Bald Mountain or Bust

After his ignominious retreat from Bald Mountain (cf. Bald Mountain FTMO) The Logging Road Cyclist was determined to prevail (gpx), and so the next Sunday found him again parked on Pedee Cr. Road, heading off into the mists. This time, he took the “main” road, BLM 9-6-20, aka Bald Mountain Road. According to the map this nipped neatly up to the spur that leads to the summit. TLRC was cheerfully anticipating no repeat of the last weekend’s unfortunate events.

As is common in Oregon’s Spectacular Coast Range, public (in this case BLM) land is dispersed among huge private parcels. Whoever owns this (and judging from the consistent signage it is one owner, but this may not be the case) uses it heavily.

Colorful and redundant signage along Bald Mountain Road.

TLRC pedalled up the South Fork of Pedee Cr. and soon passed the end of last week’s FTMO, but now he felt highly oriented, and once again marveled at how flawed “sense of direction” is as a tool for serious navigation.  The higher up the road climbed the thicker the rainy mist became. Although not as dark as on the previous ride, it was still much like riding a stationary bike. The next waypoint that TLRC was shooting for was the hook around the headwaters of the South Fork that he was following. Until there, TLRC sure the “main” road would fit his purposes.

Stay on the “main” road!

At this signless intersection, the right looked like the better direction, but the left looked way more “main”. After pondering a bit, TLRC took the road more travelled. And that made all the difference. For a while at least….

The next intersection with a BLM number was 9-7-13, which was clearly marked on the map as well. TLRC felt smug, as he now had a secure waypoint under his belt. So off he went to find the wonders ahead.

There were steel monsters looming in the mist:

Heavy Iron below 9-7-13.

And the rhythmically-bedded forearc sediments of the Tyee Formation:

Sediments of the Tyee Formation along 9-7-13.

DeSalvo admiring geology. Note extra muddy road and cripplingly low visibility.

This was all a lot of fun!  But TLRC could feel something was not right. In particular, there was no punishing climbing being done: indeed, the ride was kind of pleasant. TLRC dug out his handy pocket compass, and laughed aloud when it told him that the “main” road was heading roughly south, rather than west, as it was supposed to be.

At this point TLRC felt as if he had fallen into his own personal Bermuda Triangle. Normally TLRC homes in on his target verily like a Hellfire missile. Bewildered two weeks in a row! If not the mist and poor signage, is this an incipient indication of early-onset senility? Who is TLRC to deny it?

At any rate, it got sorted out. The fateful turn was in fact onto the unmarked 9-7-13. The signed 9-7-13 that gave TLRC such confidence was a parallel branch of the road he was following. All in all, a pretty minor loss. Regaining the “main” road, the punishing climbing began. There is a very nice and big falls on what TLRC would guess from a good map is the South Fork of the South Fork of Pedee Cr. Further along, is a hard-to-see-through-the-trees falls that marks the very tippy-top of the Luckiamute River that is fed by very pretty marshes. It’s always fun to get to the source of the local streams. Some more climbing leads to a pass and the obvious summit road on the right.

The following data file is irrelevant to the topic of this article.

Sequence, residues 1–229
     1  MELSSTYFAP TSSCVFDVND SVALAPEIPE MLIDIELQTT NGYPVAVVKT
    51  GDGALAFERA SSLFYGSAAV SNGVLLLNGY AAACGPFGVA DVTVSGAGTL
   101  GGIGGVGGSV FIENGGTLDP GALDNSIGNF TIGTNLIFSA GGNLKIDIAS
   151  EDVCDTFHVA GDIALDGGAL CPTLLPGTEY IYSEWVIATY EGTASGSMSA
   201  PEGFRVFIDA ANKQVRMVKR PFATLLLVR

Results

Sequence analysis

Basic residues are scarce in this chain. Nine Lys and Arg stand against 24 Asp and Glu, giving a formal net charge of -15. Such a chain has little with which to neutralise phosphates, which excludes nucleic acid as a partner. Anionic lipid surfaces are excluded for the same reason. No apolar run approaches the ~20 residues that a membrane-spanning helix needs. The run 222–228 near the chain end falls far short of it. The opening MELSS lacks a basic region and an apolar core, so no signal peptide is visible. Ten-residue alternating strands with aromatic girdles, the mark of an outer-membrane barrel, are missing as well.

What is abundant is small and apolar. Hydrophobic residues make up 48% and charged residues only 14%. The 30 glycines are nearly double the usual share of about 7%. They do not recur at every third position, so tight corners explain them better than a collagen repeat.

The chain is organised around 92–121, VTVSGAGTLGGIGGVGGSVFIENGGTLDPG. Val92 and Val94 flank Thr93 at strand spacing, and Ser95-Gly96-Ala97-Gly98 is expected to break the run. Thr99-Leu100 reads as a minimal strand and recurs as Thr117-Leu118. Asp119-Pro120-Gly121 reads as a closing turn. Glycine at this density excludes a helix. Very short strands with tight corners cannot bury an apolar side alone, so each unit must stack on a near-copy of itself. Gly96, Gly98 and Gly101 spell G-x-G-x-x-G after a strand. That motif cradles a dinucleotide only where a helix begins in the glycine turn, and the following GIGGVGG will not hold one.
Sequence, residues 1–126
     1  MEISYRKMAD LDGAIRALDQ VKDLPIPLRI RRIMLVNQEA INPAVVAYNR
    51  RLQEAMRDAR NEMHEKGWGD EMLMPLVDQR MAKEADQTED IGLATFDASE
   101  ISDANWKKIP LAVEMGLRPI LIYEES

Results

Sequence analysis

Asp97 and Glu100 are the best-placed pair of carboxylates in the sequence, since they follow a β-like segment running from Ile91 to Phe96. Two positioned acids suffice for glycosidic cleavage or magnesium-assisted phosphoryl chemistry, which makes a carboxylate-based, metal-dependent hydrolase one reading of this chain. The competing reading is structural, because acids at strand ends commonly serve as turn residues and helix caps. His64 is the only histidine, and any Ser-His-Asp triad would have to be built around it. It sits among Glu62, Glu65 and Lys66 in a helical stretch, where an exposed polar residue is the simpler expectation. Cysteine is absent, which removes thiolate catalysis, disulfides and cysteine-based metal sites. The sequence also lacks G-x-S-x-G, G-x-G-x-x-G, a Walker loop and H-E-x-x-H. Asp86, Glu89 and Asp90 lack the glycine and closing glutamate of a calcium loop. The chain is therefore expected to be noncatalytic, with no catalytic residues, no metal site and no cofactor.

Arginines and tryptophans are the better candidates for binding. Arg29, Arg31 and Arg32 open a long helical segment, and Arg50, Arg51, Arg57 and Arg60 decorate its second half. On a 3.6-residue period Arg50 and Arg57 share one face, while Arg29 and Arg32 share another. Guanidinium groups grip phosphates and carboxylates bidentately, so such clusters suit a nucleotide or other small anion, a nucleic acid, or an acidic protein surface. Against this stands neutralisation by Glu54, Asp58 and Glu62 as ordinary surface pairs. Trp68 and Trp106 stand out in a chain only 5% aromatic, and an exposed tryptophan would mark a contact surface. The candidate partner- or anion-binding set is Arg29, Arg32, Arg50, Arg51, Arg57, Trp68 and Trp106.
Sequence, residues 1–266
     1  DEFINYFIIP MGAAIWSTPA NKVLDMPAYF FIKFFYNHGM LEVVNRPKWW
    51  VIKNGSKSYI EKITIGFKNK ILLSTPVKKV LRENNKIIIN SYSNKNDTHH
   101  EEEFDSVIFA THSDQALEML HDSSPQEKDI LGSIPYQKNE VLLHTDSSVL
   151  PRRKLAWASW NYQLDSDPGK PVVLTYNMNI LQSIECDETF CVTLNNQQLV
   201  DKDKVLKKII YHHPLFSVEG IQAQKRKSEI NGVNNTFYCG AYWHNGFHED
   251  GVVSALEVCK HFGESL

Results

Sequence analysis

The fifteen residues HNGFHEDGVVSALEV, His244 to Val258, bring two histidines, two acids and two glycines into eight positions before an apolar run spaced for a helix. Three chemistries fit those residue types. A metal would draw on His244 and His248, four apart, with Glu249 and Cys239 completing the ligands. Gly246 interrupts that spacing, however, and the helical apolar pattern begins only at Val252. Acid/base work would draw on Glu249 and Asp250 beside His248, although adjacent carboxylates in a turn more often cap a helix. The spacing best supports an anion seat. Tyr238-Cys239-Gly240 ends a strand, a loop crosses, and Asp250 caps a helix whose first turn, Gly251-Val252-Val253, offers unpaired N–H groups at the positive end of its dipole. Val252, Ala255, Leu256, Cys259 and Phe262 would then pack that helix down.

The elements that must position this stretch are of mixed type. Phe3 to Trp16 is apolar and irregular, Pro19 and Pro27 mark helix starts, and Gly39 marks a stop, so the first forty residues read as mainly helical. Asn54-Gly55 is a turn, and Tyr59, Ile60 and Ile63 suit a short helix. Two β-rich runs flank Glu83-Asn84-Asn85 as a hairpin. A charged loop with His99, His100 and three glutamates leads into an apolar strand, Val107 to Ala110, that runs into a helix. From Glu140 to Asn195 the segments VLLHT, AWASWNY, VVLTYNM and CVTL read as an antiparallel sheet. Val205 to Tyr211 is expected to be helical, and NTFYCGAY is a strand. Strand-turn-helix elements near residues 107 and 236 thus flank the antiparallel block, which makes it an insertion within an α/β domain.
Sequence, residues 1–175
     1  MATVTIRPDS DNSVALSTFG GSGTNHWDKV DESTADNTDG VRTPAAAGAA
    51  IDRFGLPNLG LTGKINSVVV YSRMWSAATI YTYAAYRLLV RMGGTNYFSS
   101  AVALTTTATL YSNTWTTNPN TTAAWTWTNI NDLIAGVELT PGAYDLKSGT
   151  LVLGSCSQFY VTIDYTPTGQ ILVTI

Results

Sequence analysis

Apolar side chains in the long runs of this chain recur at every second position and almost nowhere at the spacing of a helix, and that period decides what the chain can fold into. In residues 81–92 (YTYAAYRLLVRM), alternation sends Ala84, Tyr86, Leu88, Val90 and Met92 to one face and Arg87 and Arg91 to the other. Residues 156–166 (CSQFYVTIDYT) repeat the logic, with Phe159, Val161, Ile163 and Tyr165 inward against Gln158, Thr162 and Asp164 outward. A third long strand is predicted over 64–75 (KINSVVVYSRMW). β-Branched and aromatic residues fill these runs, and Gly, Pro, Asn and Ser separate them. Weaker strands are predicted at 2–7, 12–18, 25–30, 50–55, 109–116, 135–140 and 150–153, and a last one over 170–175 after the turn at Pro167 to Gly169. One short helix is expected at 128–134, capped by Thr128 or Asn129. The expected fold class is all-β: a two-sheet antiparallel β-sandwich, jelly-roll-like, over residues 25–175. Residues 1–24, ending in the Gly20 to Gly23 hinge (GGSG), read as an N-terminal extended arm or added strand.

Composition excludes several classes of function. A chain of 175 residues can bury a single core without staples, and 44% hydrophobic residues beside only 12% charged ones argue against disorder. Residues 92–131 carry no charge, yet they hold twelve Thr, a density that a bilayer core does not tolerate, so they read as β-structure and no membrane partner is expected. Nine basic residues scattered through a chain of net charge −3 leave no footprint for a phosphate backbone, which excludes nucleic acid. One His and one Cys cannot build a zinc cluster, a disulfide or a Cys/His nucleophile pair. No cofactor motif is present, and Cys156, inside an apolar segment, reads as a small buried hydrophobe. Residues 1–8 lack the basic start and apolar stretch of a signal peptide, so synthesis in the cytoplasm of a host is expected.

Gate across road to Bald Mountain summit. Note the interesting “yellow arrow” design of this gate. TLRC finds it esthetically pleasing, and wonders why such an obvious design is so rarely seen.

Just to be sure, TLRC dropped over the other side a little ways to locate the next intersection. On his way back a plague of hounds descended. Being partial to dogs, TLRC

Walker Hounds in Oregon’s Spectacular Coast Range.

asked if he could photograph and pet them, unsure if the latter activity would be acceptable to either hounds or master.  With one exception (who seemed afraid of the helmeted, lizard-skinned TLRC or his DeSalvo, or both)  the hounds wriggled with joy when petted (TLRC would have tugged on their jowls, but one must exercise restraint when on one’s own out in the back of beyond).  When TLRC allowed as to how they seemed more like pets than a pack of hunters, the hunter grunted back “They’re more pets than anything.”

After which, the summit. Pretty bleak in the fog. What could be seen of the big western bald was nice, but there is a lot of tree mortality, and trees-be-gone on the cleared off east side.

Dying trees along the crest of Bald Mountain.

Bald Mountain Summit.

Still, it’s an interesting area, and there are likely very good views when it’s not socked in. TLRC will return.